Bill Would Designate Chimney Rock as a National Monument
Colorado U.S. Senator Michael Bennet today released the following statement on the passage of the Chimney Rock National Monument Establishment Act in the House of Representatives. The bill, introduced by Rep. Scott Tipton, passed with broad bipartisan support. Bennet has introduced a similar version in the Senate that is cosponsored by Senator Mark Udall.
“Today’s bipartisan House vote is an important step toward designating Chimney Rock as a national monument, and I applaud Congressman Tipton for his leadership,” Bennet stated. “Chimney Rock has incredible historical and cultural significance, and it has come to mean a great deal to Coloradans. National Monument status will help preserve, protect, and restore the significance of this archaeological treasure. At the Forest Service’s public meeting last week I heard overwhelmingly that the local community supports a legislative or administrative path for national monument designation. I will continue to work with my colleagues in the Senate, and with the Obama Administration, to pursue both paths.”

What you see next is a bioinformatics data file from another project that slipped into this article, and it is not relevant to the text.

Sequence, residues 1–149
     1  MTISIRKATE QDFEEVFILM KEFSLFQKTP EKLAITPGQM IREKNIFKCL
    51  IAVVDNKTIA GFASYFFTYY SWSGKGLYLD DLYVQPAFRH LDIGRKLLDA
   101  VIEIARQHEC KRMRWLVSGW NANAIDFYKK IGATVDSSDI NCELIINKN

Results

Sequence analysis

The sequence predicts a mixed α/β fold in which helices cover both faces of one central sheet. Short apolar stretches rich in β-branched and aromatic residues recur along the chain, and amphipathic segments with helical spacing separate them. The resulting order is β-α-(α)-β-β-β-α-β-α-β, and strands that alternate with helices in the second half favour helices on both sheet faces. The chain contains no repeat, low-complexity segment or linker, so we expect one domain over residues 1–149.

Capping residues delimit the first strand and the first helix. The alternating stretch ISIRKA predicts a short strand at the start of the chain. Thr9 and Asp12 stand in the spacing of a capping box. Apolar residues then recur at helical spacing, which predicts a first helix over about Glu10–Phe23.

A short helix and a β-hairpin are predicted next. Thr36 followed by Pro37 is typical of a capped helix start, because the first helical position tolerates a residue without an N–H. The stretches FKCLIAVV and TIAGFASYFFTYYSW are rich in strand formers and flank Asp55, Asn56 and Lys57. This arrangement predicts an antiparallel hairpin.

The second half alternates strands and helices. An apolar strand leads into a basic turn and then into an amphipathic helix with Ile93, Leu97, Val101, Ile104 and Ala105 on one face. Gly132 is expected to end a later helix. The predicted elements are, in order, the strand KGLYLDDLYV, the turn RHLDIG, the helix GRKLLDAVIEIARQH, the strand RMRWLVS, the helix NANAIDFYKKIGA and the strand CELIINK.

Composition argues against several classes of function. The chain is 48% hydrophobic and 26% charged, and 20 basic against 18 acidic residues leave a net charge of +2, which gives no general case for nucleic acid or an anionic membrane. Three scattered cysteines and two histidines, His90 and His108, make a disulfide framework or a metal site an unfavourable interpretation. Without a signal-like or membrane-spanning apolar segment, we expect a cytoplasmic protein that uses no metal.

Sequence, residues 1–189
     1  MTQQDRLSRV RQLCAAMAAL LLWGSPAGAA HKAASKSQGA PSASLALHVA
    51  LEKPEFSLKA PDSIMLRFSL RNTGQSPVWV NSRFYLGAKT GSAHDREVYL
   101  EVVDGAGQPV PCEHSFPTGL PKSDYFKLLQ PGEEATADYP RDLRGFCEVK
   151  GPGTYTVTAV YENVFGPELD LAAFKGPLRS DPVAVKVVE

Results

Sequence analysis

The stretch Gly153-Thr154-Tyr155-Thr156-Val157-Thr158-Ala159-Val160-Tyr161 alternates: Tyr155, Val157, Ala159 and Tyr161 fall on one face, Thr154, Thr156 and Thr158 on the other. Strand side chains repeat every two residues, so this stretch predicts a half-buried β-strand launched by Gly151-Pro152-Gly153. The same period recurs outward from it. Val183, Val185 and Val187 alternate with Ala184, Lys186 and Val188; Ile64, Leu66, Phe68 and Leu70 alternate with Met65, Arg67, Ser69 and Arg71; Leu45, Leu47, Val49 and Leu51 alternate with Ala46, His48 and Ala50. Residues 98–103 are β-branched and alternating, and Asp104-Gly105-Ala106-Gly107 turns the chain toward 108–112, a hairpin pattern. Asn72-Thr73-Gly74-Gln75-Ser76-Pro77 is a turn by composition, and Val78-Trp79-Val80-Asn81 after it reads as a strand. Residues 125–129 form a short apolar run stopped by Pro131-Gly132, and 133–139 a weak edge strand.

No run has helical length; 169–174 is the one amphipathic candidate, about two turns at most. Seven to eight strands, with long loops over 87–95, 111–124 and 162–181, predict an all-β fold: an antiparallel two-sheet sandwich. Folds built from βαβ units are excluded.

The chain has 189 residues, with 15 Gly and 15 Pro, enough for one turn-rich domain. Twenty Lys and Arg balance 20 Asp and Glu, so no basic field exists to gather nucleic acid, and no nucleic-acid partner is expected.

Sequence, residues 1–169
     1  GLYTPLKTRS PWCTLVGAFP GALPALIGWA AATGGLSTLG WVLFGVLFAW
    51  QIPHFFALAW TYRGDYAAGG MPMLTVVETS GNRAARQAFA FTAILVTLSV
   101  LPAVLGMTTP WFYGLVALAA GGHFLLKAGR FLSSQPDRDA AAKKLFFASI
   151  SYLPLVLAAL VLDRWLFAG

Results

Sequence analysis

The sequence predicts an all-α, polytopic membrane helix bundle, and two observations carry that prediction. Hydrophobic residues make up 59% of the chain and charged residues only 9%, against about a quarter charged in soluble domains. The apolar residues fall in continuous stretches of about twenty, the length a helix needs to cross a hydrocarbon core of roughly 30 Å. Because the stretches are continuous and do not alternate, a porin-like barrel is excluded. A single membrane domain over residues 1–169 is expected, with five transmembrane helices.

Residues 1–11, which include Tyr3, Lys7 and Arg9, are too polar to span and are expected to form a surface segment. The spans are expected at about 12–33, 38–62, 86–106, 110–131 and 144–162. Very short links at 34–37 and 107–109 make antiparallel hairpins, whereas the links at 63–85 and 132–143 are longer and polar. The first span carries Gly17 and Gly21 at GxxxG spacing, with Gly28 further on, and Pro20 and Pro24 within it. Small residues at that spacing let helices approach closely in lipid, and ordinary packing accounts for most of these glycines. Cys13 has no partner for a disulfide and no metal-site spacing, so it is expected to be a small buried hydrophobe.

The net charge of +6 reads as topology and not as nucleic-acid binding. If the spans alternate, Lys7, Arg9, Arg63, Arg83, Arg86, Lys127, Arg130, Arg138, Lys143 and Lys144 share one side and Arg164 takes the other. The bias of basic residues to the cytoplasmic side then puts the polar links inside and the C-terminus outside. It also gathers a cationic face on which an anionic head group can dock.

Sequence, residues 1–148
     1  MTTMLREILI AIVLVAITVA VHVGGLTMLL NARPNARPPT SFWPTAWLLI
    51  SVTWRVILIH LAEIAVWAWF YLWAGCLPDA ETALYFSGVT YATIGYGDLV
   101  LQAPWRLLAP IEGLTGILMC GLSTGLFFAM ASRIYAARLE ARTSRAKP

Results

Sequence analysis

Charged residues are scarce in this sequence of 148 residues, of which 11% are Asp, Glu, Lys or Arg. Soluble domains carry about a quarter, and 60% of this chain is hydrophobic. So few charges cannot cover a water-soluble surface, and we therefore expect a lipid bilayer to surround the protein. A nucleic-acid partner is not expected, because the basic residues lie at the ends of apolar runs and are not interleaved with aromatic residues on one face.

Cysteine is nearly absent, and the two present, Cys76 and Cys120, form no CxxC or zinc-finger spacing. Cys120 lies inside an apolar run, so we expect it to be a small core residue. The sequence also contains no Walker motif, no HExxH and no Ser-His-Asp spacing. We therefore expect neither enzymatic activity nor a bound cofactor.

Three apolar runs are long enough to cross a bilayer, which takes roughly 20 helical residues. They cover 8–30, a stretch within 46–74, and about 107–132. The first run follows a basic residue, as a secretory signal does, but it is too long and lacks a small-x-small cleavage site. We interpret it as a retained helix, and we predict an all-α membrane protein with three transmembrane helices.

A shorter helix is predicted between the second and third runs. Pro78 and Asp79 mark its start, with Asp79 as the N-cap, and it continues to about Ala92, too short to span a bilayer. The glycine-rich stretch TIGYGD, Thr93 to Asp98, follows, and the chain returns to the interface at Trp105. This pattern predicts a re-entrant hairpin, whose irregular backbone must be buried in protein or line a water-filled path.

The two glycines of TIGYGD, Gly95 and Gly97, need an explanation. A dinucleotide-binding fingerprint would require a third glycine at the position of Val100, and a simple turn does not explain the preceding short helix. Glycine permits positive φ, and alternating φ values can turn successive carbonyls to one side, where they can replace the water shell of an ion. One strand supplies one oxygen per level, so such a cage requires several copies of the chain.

Last Congress, Bennet’s Chimney Rock bill was passed out of committee in a bipartisan voice vote. It’s passage was subsequently blocked on the Senate floor by a minority of senators.
Chimney Rock is located West of Pagosa Springs in Colorado’s Archuleta County. The bill will designate 4,726 acres surrounding Chimney Rock Archeological Area as a National Monument. Chimney Rock will remain a unit of the San Juan National Forest, and Native American tribes will retain access to the sites for traditional and cultural uses.